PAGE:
Tuesday, June 17, 2008

A final entry from Dr. Steve

I mentioned a few days ago that everything seems uphill here. One such Sisyphean effort is the battle against the reddish brown dirt and dust that blow and stick everywhere. Of course, it’s part of the fertile soil that supports the corn, beans, and potatoes grown here, but the dust, in particular, gives you a reddish collar, cuffs, and fingerprint within a short time outdoors. You can avoid having a brown tinge by frequent change of clothes, but when it rains, everything turns to a colorful mud that cannot be defeated. The mud adheres to shoes and gets tracked everywhere. Everyone takes off their shoes when going indoors, but this process seems to get mud on the bottom of your socks, too. Futility.

I am particularly aware of this as I now write, because we didn’t make it to Yaoundé in time to get our baggage yesterday. So all of us have been in the same change of clothes for 48 hours. My blue jeans are an interesting mix of tints from blue to dark brown that, frankly, looks very unprofessional. Note to parents: because these colors come from the ferric iron content of the soil, a laundry additive intended to remove iron stains *may* be successful in treating the clothes you will soon be staring at with some consternation. Bleach is less likely to work. The best solution may be to pack the clothes away until you go back to the High Plateau again.

So we're done and packing up. I have learned from my previous trips to Cameroon that I can adjust fairly quickly to the third world disorder and standard of living, as well as the dirt, and at least for a couple weeks at a time. But strangely, I have more difficulty coming back the States. It’s hard to shake the sensory intensity of this place. Whatever I mean by “sensory intensity” is hard to explain, but it sure stays with you. The city noises and air pollution, the lush green above the red dirt, the make-do and can-do mentality, the coconut, banana, and many other tropical trees that I need to learn names for. The friendly faces, the continuous foot traffic on urban dirt roads, everything carried on peoples' heads, the dirty water carried home to use. And so many other things.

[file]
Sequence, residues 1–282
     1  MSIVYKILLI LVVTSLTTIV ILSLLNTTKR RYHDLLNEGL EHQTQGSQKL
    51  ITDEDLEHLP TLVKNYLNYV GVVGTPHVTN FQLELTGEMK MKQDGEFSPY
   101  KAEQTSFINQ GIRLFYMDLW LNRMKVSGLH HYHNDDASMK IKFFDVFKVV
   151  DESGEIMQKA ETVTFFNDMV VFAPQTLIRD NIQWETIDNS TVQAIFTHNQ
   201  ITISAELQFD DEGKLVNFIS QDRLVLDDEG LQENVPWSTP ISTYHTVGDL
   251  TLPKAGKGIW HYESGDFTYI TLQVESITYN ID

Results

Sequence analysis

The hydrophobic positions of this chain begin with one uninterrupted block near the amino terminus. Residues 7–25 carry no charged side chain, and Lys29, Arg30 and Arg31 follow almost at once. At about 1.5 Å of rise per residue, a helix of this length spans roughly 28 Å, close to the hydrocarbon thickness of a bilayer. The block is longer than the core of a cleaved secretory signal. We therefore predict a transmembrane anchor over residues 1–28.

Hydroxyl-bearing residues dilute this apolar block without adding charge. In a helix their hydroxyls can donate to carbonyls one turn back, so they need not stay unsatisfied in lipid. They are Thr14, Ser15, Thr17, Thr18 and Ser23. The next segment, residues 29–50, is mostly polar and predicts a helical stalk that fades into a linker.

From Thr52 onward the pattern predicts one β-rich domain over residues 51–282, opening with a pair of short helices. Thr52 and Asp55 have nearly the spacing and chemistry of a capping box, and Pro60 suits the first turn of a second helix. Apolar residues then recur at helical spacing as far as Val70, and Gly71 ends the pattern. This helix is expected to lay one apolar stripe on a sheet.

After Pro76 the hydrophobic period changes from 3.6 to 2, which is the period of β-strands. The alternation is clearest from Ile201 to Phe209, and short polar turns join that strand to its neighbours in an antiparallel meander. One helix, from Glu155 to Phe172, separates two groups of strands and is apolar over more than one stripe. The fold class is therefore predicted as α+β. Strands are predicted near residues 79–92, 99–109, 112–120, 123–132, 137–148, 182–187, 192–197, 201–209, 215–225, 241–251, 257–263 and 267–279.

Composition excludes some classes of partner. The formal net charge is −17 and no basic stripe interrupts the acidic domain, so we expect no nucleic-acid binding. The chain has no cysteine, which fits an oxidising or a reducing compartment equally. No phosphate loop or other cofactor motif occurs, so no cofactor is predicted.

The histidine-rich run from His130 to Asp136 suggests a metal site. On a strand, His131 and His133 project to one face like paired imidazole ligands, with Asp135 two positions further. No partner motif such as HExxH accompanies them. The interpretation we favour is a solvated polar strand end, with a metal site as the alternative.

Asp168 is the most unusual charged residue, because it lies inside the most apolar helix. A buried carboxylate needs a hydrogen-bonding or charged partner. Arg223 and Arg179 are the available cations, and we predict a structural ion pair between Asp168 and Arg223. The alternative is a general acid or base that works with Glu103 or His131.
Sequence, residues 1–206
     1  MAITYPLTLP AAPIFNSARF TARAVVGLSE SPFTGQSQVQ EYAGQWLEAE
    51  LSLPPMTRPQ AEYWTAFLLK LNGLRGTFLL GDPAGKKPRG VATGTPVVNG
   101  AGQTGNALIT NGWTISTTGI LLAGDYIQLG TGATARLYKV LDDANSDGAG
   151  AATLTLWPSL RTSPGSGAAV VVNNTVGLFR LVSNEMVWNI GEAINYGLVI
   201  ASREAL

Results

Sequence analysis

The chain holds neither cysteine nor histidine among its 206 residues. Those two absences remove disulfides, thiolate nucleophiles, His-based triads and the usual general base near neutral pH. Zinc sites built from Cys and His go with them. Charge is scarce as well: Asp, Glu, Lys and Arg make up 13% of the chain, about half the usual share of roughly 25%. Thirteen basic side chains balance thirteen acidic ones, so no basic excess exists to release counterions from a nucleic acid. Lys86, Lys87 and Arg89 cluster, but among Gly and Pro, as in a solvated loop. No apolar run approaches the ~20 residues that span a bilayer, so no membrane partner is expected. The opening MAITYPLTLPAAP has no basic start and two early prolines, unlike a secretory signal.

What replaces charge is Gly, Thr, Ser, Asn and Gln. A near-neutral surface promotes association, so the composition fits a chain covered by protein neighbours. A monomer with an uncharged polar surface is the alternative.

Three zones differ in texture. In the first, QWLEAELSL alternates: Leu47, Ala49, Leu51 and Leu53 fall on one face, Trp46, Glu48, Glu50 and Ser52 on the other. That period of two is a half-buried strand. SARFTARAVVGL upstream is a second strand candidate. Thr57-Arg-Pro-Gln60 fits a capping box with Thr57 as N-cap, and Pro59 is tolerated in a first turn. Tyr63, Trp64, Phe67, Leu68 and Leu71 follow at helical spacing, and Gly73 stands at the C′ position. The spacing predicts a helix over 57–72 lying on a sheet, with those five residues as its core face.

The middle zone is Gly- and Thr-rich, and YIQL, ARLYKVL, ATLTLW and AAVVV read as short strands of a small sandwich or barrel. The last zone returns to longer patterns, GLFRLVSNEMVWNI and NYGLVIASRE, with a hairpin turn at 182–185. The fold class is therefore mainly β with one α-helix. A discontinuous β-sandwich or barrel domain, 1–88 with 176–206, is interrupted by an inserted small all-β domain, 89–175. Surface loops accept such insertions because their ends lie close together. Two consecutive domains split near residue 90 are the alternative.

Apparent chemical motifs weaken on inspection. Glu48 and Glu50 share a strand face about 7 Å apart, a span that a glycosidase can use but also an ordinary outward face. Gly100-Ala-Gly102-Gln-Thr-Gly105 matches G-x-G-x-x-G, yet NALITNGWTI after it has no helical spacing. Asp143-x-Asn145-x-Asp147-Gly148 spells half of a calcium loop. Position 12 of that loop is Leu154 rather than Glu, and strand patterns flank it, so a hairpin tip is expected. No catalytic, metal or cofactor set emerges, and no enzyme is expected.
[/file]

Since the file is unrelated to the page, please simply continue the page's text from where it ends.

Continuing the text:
….Tuesday!! We had no internet in Bamendjou or Yaoundé and we are now in Paris, on our way home. Our projects ended up pretty successfully, but it’s important to understand that this is only the beginning. Our solar cells submersible pump will provide water for a significant fraction of the people in Bakang, but not the ones at higher elevations or further distances – probably two thirds of the population. To get them water means more wells – a tough proposition. We have our next project ahead of us, and look forward to the challenge.

And we’re also looking forward to being home!! See you soon!!

5 comments:

Jim said...

Dr. Steve,

You are quite right about clay removal from soiled clothes. One of the EWB team members on this trip was raised in the Virginia Piedmont which is rich in this reddish clay soil. Hence, her wardrode is already tainted. She is sometimes referred to as a "red clay rambler". One thing people might try is a bar of Fels Naptha soap rubbed into stained areas.

Merci beaucoup to the two UDee engineers that graduated in May(Julie and Doug) for their continued support and dedication to this project and the people of Bakang!

Engineers Without Borders - Toledo Chapter said...

Thanks for posting, it's cool to read about other chapter's projects. We just started here at the University of Toledo.

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